Great crowds were traveling with Jesus, and he turned and addressed them, "If anyone comes to me without hating his father and mother, wife and children, brothers and sisters, and even his own life, he cannot be my disciple. Whoever does not carry his own cross and come after me cannot be my disciple. Which of you wishing to construct a tower does not first sit down and calculate the cost to see if there is enough for its completion? Otherwise, after laying the foundation and finding himself unable to finish the work the onlookers should laugh at him and say, 'This one began to build but did not have the resources to finish.' Or what king marching into battle would not first sit down and decide whether with ten thousand troops he can successfully oppose another king advancing upon him with twenty thousand troops? But if not, while he is still far away, he will send a delegation to ask for peace terms. In the same way, anyone of you who does not renounce all his possessions cannot be my disciple." (Luke 14:25-33)

    Interesting that in the Novus Ordo gospel, it references Christ speaking about one not having the resources to finish what one is building. This rightfully applies to the architects of the Novus Ordo and those who stubbornly carry out such nonsense at the detriment of the faithful so seeking clarity and absolutes. The ambiguity of the NOM cannot provide substance for its foundation, whereas in the Traditional Rite, we see clearly that God will see to our needs if we are totally dependent upon Him. Remember that part about Free Will earlier? Well we have a Free Will and we can choose to follow Him or not follow Him. But we cannot do both for Jesus states with certainty in the Traditional Gospel, "No man can serve two masters."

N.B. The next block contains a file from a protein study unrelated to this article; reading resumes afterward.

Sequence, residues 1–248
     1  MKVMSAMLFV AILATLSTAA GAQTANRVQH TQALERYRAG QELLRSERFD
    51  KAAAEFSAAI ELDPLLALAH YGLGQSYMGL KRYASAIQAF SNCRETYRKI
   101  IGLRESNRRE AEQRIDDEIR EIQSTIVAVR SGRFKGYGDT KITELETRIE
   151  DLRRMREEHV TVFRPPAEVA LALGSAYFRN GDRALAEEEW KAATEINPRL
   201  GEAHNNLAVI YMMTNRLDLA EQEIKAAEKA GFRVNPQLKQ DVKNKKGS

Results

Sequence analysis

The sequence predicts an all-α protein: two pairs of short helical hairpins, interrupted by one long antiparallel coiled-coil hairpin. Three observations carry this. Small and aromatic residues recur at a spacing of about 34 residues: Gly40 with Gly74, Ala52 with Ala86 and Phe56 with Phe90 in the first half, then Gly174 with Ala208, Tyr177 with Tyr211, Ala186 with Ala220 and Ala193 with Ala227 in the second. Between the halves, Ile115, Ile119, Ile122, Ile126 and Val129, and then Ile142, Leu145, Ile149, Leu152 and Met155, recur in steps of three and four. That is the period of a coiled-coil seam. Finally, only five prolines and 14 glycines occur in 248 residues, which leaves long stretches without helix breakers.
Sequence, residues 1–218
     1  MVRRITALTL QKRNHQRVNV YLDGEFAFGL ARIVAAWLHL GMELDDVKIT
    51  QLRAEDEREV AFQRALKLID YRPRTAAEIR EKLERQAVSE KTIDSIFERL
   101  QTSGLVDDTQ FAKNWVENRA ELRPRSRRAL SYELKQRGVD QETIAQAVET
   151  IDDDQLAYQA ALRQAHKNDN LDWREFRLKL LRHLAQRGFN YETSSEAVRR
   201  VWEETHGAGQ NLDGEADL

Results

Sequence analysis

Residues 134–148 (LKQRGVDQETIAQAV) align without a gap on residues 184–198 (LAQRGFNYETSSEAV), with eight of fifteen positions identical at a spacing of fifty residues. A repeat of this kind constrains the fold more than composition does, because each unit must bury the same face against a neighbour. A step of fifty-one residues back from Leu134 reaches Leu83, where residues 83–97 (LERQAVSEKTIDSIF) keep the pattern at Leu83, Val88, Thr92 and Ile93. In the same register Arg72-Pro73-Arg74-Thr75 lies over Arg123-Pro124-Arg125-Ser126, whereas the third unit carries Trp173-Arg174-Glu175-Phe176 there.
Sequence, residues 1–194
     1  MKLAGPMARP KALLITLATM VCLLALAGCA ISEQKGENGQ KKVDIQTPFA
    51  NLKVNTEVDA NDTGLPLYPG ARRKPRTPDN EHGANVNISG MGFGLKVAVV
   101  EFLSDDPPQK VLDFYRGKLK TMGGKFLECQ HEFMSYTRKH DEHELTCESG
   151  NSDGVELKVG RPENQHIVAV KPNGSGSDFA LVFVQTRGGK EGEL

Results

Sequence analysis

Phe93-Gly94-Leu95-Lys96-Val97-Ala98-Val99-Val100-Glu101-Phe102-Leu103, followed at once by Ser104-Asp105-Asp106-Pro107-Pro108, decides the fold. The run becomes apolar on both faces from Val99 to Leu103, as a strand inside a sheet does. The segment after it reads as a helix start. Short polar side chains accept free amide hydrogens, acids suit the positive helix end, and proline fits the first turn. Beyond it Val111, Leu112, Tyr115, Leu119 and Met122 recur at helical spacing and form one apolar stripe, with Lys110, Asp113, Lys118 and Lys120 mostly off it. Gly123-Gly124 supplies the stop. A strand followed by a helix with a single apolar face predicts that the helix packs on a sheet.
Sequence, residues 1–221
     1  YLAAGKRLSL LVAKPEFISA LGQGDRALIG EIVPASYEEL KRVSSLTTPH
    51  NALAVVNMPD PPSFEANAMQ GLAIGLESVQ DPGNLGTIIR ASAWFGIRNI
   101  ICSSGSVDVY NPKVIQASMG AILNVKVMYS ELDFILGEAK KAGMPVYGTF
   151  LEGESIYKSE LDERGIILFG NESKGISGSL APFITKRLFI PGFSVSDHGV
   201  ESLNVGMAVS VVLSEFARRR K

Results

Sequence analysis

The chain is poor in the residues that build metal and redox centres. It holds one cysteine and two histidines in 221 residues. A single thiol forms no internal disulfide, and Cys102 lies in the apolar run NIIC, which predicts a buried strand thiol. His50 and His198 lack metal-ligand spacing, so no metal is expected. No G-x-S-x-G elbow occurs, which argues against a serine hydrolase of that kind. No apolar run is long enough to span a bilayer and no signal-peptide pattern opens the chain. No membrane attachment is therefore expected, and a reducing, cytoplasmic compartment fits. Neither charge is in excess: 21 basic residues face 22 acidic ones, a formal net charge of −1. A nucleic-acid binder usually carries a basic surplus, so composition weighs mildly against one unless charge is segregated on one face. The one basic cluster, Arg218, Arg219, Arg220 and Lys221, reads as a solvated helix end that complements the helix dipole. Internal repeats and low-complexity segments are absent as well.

The Angel of the Lord shall encamp round about them that fear Him, and shall deliver them: O taste and see that the Lord is sweet!

    Grant unto us, we beseech Thee, O Lord, that this saving victim may both be the cleansing of our sins, and the appeasing of Thy might. Through our Lord. (TM, Secret)

    God of peace and love, may our offering bring you true worship and make us one with you. Grant this through Christ our Lord. Amen (NOM, Prayer Over the Gifts)

    What is the intent of each prayer? The Novus Ordo asks that the offering they give bring God True Worship, and makes us one with Him. What is true worship? How are we made one with Him? If anyone is asking these questions, my dear readers, you are not alone. They are more phrases that are left undefined, and indeed open-ended. As it should really be no surprise, the Rite of Tradition gives us something just a bit different. The intent of the prayer is that the Saving Victim we offer cleanse us of our sins, and appease God of His wrath. Therefore, it pleases God. That is true worship, and we can become one with God in Heaven because He is appeased by the sacrifice of His Son.